ÅYR (FKA. Airbnb Pavilion) presents ‘Comfort Zone’
Keywords: airbnb, Alessandro Bava, AYE, frieze projects, jeppe ugelvig, London, pavillion
Is your bedroom the last site of resistance to capitalism?
For this year’s Frieze London, the art collective ÅYR (Fabrizio Ballabio, Allesandro Bava, Luis Ortega Govela and Octave Perrault, FKA. AIRBNB Pavilion) physically manifest the neoliberal utopia of the technologically-enhanced ’Smart Home’. In their special commission Comfort Zone, public, corporate and institutional spheres merge with the construction of a six bedroom suite: installed linearly, the rooms effectively produce a real-life mis-en-abyme of eternal pictorial perspective into the abyss of corporatized domesticity.
In Comfort Zone, ÅYR (formerly Airbnb until the company threatened with legal charges) targets the last site of resistance against the advancements of technology under capitalism: the bedroom. Here, data is already being produced and is flowing at accelerated speed via sleep monitoring Apps, Snapchat and other life-enhancing technology – while simultaneously relying on analogue tropes of ‘pleasure’ like scented candles, fluffy duvets and soothing interiors. Comfort Zone counters the idea of the site of the ‘bed’ as a space for heteronormative intimacy – instead, ‘the domestic’ emerges as an illusion within the public and the non-domestic, as a space of public activity and socialization.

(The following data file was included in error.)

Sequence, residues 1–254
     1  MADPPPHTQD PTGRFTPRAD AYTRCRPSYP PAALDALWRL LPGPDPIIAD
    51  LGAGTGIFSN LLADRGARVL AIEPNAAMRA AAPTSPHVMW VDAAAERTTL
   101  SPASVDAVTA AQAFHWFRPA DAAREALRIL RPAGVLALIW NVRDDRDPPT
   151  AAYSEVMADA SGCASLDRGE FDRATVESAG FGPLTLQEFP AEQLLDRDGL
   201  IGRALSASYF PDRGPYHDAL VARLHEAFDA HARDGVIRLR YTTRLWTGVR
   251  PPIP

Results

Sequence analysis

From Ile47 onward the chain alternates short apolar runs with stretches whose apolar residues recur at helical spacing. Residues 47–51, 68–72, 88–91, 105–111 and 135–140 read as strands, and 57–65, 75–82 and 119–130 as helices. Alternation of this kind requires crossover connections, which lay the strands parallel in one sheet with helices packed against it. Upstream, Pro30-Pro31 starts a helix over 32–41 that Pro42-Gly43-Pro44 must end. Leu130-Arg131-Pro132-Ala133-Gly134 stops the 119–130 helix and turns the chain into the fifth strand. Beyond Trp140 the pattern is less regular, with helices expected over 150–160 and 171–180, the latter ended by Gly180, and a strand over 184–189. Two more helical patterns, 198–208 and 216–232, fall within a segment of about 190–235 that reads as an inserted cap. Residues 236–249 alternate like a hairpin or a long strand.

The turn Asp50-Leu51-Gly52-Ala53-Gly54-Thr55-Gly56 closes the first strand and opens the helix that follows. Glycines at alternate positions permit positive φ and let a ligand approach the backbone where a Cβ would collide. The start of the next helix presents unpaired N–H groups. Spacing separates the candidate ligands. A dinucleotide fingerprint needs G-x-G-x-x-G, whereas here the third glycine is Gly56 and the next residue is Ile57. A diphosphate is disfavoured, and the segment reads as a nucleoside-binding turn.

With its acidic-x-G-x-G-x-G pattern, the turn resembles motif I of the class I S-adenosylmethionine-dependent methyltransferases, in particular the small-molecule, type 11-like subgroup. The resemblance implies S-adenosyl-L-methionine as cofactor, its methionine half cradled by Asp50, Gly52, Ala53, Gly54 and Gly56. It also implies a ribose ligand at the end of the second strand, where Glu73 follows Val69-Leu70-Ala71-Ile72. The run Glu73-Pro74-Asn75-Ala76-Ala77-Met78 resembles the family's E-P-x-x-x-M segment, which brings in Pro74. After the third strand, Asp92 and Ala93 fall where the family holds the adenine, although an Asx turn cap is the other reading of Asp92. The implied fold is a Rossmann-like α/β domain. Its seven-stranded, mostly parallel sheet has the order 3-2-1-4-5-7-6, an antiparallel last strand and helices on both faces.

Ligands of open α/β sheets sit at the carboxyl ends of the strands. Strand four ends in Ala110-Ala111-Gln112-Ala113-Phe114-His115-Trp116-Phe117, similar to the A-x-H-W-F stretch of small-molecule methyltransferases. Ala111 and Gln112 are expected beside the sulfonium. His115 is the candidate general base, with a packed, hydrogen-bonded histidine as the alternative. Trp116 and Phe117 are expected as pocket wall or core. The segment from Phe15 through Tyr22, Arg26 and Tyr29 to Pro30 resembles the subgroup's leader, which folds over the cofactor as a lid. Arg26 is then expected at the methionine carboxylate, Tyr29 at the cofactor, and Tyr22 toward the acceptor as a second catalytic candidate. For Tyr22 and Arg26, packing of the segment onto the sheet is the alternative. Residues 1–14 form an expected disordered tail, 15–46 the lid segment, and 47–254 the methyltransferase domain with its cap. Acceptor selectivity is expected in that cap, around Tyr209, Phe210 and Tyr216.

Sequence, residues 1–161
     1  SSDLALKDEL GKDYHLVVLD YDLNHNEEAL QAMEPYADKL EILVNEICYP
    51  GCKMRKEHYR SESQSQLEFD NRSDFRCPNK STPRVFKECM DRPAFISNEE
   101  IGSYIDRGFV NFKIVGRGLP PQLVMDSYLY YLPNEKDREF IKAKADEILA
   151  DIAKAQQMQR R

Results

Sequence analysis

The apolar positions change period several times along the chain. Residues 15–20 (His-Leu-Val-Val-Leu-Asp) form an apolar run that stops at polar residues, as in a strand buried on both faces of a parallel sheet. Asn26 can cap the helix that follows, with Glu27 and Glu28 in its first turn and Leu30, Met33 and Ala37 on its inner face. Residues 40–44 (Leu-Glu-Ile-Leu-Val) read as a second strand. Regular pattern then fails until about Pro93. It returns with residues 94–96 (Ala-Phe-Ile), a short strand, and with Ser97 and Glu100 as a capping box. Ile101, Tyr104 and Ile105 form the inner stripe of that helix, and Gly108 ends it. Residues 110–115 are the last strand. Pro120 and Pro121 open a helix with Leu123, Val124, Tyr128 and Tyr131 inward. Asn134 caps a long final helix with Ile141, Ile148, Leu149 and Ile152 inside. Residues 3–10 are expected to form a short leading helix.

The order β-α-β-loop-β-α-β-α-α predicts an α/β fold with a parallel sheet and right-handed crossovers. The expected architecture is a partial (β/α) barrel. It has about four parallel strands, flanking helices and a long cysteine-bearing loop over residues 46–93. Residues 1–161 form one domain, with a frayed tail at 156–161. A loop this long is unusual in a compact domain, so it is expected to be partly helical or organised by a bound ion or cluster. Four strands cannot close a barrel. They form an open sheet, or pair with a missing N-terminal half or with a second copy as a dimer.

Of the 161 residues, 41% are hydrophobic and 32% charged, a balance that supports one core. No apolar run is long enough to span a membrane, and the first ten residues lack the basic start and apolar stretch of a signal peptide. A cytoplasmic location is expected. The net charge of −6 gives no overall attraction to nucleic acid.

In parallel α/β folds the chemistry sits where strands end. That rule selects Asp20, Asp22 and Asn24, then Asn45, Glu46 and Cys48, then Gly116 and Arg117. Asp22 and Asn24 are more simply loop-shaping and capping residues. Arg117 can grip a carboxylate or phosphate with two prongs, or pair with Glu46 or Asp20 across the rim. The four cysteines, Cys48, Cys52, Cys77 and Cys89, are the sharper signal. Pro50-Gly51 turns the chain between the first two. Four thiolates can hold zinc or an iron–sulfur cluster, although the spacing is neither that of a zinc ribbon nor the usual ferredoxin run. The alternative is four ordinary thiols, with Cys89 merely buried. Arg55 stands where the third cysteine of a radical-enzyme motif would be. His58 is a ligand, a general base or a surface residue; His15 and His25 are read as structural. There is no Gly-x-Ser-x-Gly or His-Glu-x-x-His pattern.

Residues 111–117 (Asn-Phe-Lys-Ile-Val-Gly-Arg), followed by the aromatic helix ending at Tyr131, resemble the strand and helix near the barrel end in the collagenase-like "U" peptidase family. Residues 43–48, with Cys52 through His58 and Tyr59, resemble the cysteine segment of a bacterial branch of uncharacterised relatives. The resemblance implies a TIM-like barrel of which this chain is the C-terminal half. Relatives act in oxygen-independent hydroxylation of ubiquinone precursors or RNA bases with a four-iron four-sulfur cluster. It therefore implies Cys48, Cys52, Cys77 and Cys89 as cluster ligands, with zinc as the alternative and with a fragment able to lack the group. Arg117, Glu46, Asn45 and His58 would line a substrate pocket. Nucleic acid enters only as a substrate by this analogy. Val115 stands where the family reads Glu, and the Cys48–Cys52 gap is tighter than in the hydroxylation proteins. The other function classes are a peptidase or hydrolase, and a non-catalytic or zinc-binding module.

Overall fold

Beyond a precise pinning of the rhetoric of commodified domestic bliss, ÅYR negotiate the visible and invisible flows of labor on which the corporate institution Frieze is built. The six suites are available for sublet during the fair, functioning as temporary office spaces for a multitude of entrepreneurial activities. From live broadcasting, spa and Reiki treatments and even a Selena Gomez album listening party (hosted by artist Emily Jones), ÅYR provides micro-spaces for social recreation and commercial ventures in an always already-financially speculated environment. Collectors and art professionals can recollect themselves in much-needed color-coded environments supposed to stimulate optimal relaxation. Of course, the bedrooms also welcome the ultimate form negation of work that is sleep – although such a Utopian conception of labor-autonomy within the corporatized domestic sphere is highly questioned. As it was the creative industries that originally taught the blurring of work and play to the tech companies, it feels fitting that this accelerated equalization of labor comes full circle within the architecture of the Frieze universe.